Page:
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Foreclosure: First Steps

Receiving a foreclosure notice in the mail is a pretty scary thing. It's very easy to feel like you have the whole world on your shoulders. But it happens every day. In 2009 2.8 million properties received foreclosure notices.

That's really grim news!

About two thirds of those notices don't result in foreclosures, though. This is a very surprising fact! How can this be true in today's tough market?

It's easy; people are fighting back. They're realizing the error of their ways, putting pen to paper and handling the situation that they've been given.

Receiving a foreclosure notice is not the end of the world. There are even a couple of things you can do to avoid the process altogether.

Exploring Government Programs

The federal government's Making Home Affordable program offers two options for distressed homeowners: loan modification and refinancing. This assistance is free for distressed homeowners. Even if you intend to sell your property to mitigate some of your losses, it's worth while to explore the website to see what options are available to you.

Talk to Someone

One of the biggest things you can do is talk to someone. Missing a payment or two is not the end of the world and does not mean foreclosure is your only option. It's simply a direction that you can choose to reverse. Look over your home loan statement for contact information. Call and ask to speak with the loss mitigation department. Be patient; you might be on hold for awhile. A lot of other need help, too.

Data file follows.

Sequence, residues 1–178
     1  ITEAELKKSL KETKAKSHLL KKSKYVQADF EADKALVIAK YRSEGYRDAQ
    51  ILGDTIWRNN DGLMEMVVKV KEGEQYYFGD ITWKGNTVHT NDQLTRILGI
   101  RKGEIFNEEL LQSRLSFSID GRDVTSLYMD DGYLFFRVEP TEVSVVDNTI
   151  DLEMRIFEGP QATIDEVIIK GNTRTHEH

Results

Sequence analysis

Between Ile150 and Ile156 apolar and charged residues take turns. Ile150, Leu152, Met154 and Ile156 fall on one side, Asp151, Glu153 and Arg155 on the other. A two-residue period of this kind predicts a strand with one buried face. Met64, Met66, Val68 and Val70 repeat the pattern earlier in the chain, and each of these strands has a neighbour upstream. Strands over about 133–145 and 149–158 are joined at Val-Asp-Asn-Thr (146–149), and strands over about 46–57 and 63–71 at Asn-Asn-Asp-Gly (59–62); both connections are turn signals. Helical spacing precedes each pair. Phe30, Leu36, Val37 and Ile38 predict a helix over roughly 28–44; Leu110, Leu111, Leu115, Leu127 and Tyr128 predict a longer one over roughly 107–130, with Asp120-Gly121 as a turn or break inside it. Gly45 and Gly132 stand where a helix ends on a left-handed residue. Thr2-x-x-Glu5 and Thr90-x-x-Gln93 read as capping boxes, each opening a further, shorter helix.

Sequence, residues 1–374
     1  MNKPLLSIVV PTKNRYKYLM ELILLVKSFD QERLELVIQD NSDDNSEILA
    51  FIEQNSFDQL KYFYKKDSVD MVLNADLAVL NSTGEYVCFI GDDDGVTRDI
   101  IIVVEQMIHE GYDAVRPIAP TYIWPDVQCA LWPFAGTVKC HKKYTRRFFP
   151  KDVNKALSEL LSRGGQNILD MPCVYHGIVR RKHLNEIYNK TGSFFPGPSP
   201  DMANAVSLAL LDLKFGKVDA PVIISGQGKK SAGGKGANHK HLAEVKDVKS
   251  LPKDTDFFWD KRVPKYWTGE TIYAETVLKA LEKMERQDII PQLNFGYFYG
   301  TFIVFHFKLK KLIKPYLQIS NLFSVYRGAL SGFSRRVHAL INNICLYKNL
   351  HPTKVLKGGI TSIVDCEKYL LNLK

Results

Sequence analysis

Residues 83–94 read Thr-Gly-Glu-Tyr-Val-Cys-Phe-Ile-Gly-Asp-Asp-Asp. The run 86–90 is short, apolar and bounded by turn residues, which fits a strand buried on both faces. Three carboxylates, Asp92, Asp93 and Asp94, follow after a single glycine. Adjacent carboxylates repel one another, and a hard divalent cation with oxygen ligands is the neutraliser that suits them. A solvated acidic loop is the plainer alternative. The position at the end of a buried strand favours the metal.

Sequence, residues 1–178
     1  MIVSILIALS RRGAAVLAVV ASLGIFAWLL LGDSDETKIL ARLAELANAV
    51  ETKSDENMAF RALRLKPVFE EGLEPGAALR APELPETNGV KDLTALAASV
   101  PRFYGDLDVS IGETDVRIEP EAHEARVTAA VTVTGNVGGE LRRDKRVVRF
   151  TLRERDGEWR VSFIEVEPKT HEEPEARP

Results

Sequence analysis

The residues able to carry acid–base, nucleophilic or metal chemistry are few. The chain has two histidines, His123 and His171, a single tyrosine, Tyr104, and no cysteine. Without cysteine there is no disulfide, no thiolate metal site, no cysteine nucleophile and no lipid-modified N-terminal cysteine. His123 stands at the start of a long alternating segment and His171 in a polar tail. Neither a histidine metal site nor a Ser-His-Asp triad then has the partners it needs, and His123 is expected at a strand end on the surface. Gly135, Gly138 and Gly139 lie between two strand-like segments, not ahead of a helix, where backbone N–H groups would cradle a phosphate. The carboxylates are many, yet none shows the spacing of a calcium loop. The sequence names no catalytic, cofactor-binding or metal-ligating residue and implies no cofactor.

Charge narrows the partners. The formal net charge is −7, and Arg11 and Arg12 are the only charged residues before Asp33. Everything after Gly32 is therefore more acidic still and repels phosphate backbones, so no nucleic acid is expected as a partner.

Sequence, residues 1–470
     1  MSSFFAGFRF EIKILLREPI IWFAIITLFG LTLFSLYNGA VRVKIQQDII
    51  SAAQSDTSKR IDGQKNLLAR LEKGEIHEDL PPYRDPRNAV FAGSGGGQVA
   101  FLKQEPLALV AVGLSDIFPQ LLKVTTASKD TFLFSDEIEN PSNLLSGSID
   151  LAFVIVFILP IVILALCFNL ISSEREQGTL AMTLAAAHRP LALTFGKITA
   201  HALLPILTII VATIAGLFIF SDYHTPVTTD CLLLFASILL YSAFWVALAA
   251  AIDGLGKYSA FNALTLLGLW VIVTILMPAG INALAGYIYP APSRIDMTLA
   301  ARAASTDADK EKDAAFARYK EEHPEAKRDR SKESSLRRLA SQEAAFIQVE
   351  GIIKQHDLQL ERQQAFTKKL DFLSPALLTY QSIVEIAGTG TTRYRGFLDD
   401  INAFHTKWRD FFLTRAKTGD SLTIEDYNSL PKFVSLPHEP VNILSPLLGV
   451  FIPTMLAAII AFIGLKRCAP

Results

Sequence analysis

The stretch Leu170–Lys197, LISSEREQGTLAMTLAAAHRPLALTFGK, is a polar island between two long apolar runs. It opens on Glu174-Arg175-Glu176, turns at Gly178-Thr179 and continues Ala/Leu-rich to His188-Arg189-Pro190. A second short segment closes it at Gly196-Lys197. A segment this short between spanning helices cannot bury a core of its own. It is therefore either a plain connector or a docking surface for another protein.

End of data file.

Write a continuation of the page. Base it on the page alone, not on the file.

When you speak with someone take notes and record names. Explain your situation and that you're having a hard time.

You can also contact a Foreclosure Avoidance Counselor who specializes in New Hampshire. These counselors are free of charge and approved by the U.S. Department of Housing and Urban Development. These counselors will be able to explain foreclosure laws that are specific to NH, discuss alternatives available to you and help you organize your financial documents.

Review Your Documents

Collect all of your correspondence you've had with your mortgage provider. Review the most current letters first and work your way backwards.

Now review the foreclosure laws specific to NH. Read through this document carefully. If you don't understand something look it up. Are there any laws that may help you in this process?

Foreclosure May Not Be Quick

It depends on your lender and your area, but foreclosure can take anywhere from two to twelve months. Sometimes there will be a speedy nonjudicial process and other times there will be a long, drawn out process mandated by the state. The good in all of this is that this gives you valuable time to get yourself together. Keep up with your taxes, homeowner's association fees and homeowners insurance in the meantime.

Use this time to try to avert disaster.